Rep. Chellie Pingree speaks about her trip to Eastern Europe in her Portland office on Friday. Credit: David Marino Jr. / BDN

After returning from a week-long trip to Ukrainian border areas, Rep. Chellie Pingree said Friday the U.S. and Maine needed to take in far more Ukrainian refugees fleeing Russia’s invasion.

On Thursday, President Joe Biden said that the U.S. would take up to 100,000 Ukrainian refugees. But, the country needs to do more, Pingree said, fixing the long-standing  “embarrassingly low” refugee quota.

The U.S. is far behind Europe in refugee policy, Pingree said, noting that the small country of Moldova had already allowed an estimated 350,000 Ukrainian refugees to enter.

“This is one of the poorest countries in Europe, and they’re already meeting the quota that we just said we would take,” said Pingree, who wrote to Biden on Thursday asking him to hasten Ukrainian resettlement in the U.S.

Traveling to Europe as part of a trip with a bipartisan congressional delegation, Pingree spent time in the Ukrainian border areas of Moldova, Romania and Poland as well as Austria. She also spoke with multiple Ukrainian refugees at border crossings.

“Obviously that’s just gut-wrenching to see people with their plastic bags full of stuff,” Pingree said. “I think most of us couldn’t possibly imagine how that feels.”

Pingree said she hopes Maine welcomes some of the refugees fleeing the war, noting that many Ukrainians have family members in the state.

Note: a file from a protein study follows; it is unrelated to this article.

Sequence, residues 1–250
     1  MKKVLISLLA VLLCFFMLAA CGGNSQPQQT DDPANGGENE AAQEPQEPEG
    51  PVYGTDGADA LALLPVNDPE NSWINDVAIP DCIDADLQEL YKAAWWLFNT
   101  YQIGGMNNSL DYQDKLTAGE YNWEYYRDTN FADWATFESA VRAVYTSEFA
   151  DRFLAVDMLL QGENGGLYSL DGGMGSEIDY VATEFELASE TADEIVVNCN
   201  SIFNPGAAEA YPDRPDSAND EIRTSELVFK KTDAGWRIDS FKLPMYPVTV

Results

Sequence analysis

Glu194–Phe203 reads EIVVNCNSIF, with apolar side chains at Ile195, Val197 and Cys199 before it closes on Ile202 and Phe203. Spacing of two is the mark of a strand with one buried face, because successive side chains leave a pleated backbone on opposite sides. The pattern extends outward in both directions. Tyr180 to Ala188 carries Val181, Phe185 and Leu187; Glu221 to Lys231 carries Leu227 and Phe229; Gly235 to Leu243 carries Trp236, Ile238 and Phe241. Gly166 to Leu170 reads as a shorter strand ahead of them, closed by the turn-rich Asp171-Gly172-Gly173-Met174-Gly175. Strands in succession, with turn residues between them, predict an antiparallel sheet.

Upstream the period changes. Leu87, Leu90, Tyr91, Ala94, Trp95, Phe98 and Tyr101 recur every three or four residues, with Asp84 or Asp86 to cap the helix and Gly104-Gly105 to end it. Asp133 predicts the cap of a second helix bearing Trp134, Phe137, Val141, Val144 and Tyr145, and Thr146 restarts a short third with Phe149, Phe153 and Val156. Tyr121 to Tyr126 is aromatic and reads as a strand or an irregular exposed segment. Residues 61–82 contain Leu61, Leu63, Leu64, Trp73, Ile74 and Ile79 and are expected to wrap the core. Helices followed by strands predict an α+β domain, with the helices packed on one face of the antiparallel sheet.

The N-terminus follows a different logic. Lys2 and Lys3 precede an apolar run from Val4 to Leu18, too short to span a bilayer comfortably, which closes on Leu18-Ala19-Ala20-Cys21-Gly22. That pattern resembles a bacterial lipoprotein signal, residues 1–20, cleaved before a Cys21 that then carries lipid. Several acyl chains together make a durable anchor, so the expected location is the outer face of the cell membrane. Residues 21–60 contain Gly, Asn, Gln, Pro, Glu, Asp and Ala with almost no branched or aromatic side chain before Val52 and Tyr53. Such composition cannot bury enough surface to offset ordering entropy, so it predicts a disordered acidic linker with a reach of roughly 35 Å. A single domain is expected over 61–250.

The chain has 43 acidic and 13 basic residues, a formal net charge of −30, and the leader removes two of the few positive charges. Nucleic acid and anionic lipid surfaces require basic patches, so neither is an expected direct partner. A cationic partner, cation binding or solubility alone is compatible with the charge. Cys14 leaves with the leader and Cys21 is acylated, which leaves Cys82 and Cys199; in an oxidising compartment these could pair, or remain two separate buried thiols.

While Pingree supports substantial military assistance to Ukrainian fighters, she does not support the American no-fly zone that Ukrainian President Volodymyr Zelenskyy requested.

Pingree said she understood the desire to intervene directly in light of the sizable humanitarian catastrophe occurring in Ukraine. But she is fearful that an incident could spur a nuclear conflict between the U.S. and Russia.

“That impacts our country — you know that’s like we have just started something we may not be able to survive,” Pingree said.

As she traveled across Europe, one thing that struck her was the central role that a single man, Russian President Vladimir Putin, continued to play in the conflict.

“This all hinges on the psychological assessment of one crazy man,” Pingree said.

Pingree spoke at her Portland office on Friday morning, less than 12 hours after touching down at Portland International Jetport.

While she acknowledged more needed to be done on the military and humanitarian fronts in Ukraine, she said the trip had provided her optimism on many fronts. The Ukrainians were fighting courageously to repel Russian aggression, she said. And in a bitterly partisan environment, Republicans and Democrats seemingly stood united in helping them do that.

“Almost universally [Ukrainian] people say we plan to win this,” Pingree said. “We’re not ready to negotiate our way out of it yet.”